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Glossary

This list provides a brief summary of many of the terms used on this web-site. I do not claim them as ‘generally accepted’ but are at least, hopefully, self-consistent. Unless otherwise stated, quotes are from The Chambers English Dictionary (1990). Non-quoted definitions are my own wording.

For a more in-depth discussion on key topics, see also my FAQs

Acceptance:
bringing our inner and outer perceptions of reality into alignment.

AHS:
Alister Hardy Society

Being (with a capital B):
Embracing the Heidegger, Buddhist and Taoist senses of the term. i.e. to be living in a transcendent state, to be ‘in the flow’, immersed in the world but not attached to it in any material or emotional way.

Consciousness:
“the waking state of the mind: the knowledge which the mind has of anything: awareness: thought”; includes, but is not restricted to, rational consciousness.

Divine:
Of God. Imbued with a depth of beauty, love and truth. Often used to distinguish something from being conventionally human.

Dualism:
where everything has to be categorised as ‘either A or B’, black OR white with no shades or grey or colours.

Evolutionary Consciousness: 
A transcendent and evolving consciousness consistent with the notion of an evolutionary imperative towards divine consciousness.

Faith:
“trust or confidence” (in a general sense, not necessarily implying any particular religious belief).

Feeling:
“resonance with being, the capacity by which we participate in and are co-present with our world” (Heron 1992, p1).

God:
used in the broadest, rather than specifically Christian, sense of the word, and thus interchangeably with ‘the Divine’.

Holistic:
(Following from the CED definition below): Whole: embracing the physical, mental and spiritual, yet more than their sum.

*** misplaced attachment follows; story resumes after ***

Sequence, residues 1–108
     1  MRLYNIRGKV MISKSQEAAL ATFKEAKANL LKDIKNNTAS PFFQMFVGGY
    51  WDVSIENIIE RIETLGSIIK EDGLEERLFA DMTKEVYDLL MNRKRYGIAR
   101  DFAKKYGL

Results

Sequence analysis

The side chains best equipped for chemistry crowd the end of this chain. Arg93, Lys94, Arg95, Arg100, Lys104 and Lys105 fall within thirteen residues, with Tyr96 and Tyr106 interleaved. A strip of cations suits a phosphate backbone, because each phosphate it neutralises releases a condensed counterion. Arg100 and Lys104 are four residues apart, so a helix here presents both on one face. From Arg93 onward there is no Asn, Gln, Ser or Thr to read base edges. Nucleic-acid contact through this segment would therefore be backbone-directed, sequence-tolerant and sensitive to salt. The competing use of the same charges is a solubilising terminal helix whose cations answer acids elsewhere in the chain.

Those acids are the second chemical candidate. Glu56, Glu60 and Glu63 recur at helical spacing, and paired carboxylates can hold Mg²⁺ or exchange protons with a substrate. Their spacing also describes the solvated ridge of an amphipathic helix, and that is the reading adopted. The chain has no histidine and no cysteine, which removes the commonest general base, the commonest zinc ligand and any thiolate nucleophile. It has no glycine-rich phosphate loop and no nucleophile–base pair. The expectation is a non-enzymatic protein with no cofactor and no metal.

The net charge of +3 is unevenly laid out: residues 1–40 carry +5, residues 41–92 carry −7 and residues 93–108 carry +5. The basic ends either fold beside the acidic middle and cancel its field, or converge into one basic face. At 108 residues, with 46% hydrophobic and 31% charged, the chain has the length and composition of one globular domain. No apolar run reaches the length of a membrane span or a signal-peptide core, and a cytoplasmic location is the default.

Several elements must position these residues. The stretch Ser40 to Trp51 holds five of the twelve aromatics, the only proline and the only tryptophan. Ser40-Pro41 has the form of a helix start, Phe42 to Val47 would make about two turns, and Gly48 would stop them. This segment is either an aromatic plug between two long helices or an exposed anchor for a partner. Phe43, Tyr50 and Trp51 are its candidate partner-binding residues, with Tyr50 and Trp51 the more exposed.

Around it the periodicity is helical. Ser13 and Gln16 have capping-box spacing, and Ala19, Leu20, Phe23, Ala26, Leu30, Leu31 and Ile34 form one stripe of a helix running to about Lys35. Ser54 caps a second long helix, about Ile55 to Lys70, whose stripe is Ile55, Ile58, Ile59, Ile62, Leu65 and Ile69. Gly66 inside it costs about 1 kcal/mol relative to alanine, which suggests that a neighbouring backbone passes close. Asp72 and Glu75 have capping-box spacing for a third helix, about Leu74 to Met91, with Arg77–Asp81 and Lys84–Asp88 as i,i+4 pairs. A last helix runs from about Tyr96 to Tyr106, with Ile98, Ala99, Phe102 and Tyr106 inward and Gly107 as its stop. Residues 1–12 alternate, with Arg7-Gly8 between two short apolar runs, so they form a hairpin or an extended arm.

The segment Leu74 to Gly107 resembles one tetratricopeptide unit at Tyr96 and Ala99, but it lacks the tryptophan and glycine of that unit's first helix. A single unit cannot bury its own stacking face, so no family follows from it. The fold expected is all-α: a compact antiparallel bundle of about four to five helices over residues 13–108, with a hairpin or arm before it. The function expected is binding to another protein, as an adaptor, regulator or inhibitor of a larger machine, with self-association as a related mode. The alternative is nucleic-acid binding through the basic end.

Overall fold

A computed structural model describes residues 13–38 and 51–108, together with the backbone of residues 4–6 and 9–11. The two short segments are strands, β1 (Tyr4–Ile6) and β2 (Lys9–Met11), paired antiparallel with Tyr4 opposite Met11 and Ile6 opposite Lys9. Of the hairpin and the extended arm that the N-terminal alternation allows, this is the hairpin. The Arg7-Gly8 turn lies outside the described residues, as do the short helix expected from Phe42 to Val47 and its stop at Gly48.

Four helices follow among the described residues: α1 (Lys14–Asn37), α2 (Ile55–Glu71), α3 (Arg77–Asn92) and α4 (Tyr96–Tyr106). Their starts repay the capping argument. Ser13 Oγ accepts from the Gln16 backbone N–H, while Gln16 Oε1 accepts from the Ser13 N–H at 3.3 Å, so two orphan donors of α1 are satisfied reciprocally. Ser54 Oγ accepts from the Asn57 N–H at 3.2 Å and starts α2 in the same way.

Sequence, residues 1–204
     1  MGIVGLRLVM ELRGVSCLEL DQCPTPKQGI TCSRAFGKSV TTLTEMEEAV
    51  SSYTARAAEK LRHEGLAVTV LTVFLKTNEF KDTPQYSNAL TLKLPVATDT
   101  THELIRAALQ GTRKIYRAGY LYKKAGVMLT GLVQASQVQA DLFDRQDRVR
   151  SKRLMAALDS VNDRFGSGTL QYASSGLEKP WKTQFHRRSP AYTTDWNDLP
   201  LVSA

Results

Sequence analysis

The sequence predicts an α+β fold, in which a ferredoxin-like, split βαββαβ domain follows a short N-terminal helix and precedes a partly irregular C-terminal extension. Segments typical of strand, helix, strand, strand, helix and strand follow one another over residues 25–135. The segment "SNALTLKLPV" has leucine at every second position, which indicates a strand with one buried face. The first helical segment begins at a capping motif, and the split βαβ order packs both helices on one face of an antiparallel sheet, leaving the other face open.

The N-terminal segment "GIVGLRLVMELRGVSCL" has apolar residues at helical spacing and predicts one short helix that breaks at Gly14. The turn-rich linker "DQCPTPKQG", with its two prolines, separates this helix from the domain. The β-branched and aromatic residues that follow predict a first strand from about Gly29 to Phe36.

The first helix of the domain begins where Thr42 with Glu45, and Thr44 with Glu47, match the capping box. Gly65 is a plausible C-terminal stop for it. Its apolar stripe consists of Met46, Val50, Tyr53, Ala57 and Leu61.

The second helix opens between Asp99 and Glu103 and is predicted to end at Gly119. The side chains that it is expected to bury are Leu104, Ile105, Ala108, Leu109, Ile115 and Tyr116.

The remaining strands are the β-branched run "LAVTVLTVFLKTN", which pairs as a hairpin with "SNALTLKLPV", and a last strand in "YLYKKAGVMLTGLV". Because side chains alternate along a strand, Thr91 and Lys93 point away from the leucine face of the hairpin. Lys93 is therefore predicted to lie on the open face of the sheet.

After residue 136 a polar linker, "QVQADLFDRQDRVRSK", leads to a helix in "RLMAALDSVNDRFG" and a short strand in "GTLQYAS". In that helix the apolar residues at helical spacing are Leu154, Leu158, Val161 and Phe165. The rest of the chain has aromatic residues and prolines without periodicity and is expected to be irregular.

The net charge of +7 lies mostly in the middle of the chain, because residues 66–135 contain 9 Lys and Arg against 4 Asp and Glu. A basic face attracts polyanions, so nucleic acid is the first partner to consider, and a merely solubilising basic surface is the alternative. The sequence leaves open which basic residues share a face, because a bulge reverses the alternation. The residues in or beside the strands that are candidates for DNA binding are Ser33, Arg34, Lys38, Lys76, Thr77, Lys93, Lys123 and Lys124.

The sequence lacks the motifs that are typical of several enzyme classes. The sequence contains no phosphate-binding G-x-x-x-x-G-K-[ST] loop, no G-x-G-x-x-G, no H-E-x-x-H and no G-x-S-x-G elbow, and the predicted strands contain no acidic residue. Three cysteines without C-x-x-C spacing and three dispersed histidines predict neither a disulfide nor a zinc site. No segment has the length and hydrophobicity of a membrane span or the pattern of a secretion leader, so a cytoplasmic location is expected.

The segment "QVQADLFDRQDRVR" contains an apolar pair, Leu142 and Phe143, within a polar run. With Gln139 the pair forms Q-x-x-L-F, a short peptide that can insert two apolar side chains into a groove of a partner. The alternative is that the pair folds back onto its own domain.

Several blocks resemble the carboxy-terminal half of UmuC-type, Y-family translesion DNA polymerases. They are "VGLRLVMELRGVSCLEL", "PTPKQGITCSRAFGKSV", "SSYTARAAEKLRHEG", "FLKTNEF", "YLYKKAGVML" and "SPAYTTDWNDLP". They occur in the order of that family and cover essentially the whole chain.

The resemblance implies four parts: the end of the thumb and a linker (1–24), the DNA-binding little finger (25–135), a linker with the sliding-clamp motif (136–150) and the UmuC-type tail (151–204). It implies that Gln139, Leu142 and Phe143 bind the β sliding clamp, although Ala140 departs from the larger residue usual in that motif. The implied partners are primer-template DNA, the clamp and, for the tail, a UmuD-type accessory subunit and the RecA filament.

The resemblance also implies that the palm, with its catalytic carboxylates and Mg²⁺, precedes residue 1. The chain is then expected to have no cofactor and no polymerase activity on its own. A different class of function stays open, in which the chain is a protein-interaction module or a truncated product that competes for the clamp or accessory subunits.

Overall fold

Holism:
“the theory that a complex entity, system, etc., is more than merely the sum of its parts.”

Holographic:
‘as above, so below’; the macrocosm reflects the microcosm in all things. Also embracing ‘body, mind and soul’ as interconnected aspects of our Being.

Inner (as opposed to ‘outer’):
thoughts, feelings and mental processes that are perceived as being within our minds rather than as being external to us.

Integrate: (and thus ‘integral’ and ‘integrated’):
“to make up as a whole: to make entire: to combine, amalgamate.”

Interfaith:
the working together of different faith groups for a common cause.

Interspiritual (or ‘global spirituality’):
“a consensus on the practical values, practices, and insights found in all traditions of spirituality” (Teasdale 1999, p74).

Mental transcendence:
integrated rational thought.

Modern Age:
that period of human history between the Enlightenment of the 18th century and present day.

Modernism: 
characteristics associated with the Modern Age, particularly rationalism and dualism.

Mystic:
“one who seeks or attains direct intercourse with God”.

Mystical: 
that which is mysterious, “sacredly obscure”, magical. Not necessarily inconsistent with being ‘ordinary’ or ‘normal’.

Normal:
“ordinary”, the spectrum of things generally accepted across human societies (as opposed to the “most frequent value”).

Non-local (and whole-body) transcendence: